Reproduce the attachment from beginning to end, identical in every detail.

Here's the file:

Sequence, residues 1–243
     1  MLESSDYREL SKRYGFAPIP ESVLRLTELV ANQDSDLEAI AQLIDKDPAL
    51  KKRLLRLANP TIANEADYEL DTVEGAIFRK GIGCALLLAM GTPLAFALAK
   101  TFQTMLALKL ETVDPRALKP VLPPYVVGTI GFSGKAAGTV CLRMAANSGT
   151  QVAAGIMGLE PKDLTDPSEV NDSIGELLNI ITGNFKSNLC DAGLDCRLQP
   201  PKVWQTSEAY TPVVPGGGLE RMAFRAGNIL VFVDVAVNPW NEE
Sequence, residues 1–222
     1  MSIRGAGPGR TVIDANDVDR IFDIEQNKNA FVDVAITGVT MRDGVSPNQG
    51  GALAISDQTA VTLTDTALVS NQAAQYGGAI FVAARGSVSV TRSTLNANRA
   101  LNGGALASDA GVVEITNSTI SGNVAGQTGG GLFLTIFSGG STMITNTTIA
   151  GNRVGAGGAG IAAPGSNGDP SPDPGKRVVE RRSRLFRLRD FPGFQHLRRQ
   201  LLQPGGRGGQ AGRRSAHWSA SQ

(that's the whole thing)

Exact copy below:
Sequence, residues 1–243
     1  MLESSDYREL SKRYGFAPIP ESVLRLTELV ANQDSDLEAI AQLIDKDPAL
    51  KKRLLRLANP TIANEADYEL DTVEGAIFRK GIGCALLLAM GTPLAFALAK
   101  TFQTMLALKL ETVDPRALKP VLPPYVVGTI GFSGKAAGTV CLRMAANSGT
   151  QVAAGIMGLE PKDLTDPSEV NDSIGELLNI ITGNFKSNLC DAGLDCRLQP
   201  PKVWQTSEAY TPVVPGGGLE RMAFRAGNIL VFVDVAVNPW NEE
Sequence, residues 1–222
     1  MSIRGAGPGR TVIDANDVDR IFDIEQNKNA FVDVAITGVT MRDGVSPNQG
    51  GALAISDQTA VTLTDTALVS NQAAQYGGAI FVAARGSVSV TRSTLNANRA
   101  LNGGALASDA GVVEITNSTI SGNVAGQTGG GLFLTIFSGG STMITNTTIA
   151  GNRVGAGGAG IAAPGSNGDP SPDPGKRVVE RRSRLFRLRD FPGFQHLRRQ
   201  LLQPGGRGGQ AGRRSAHWSA SQ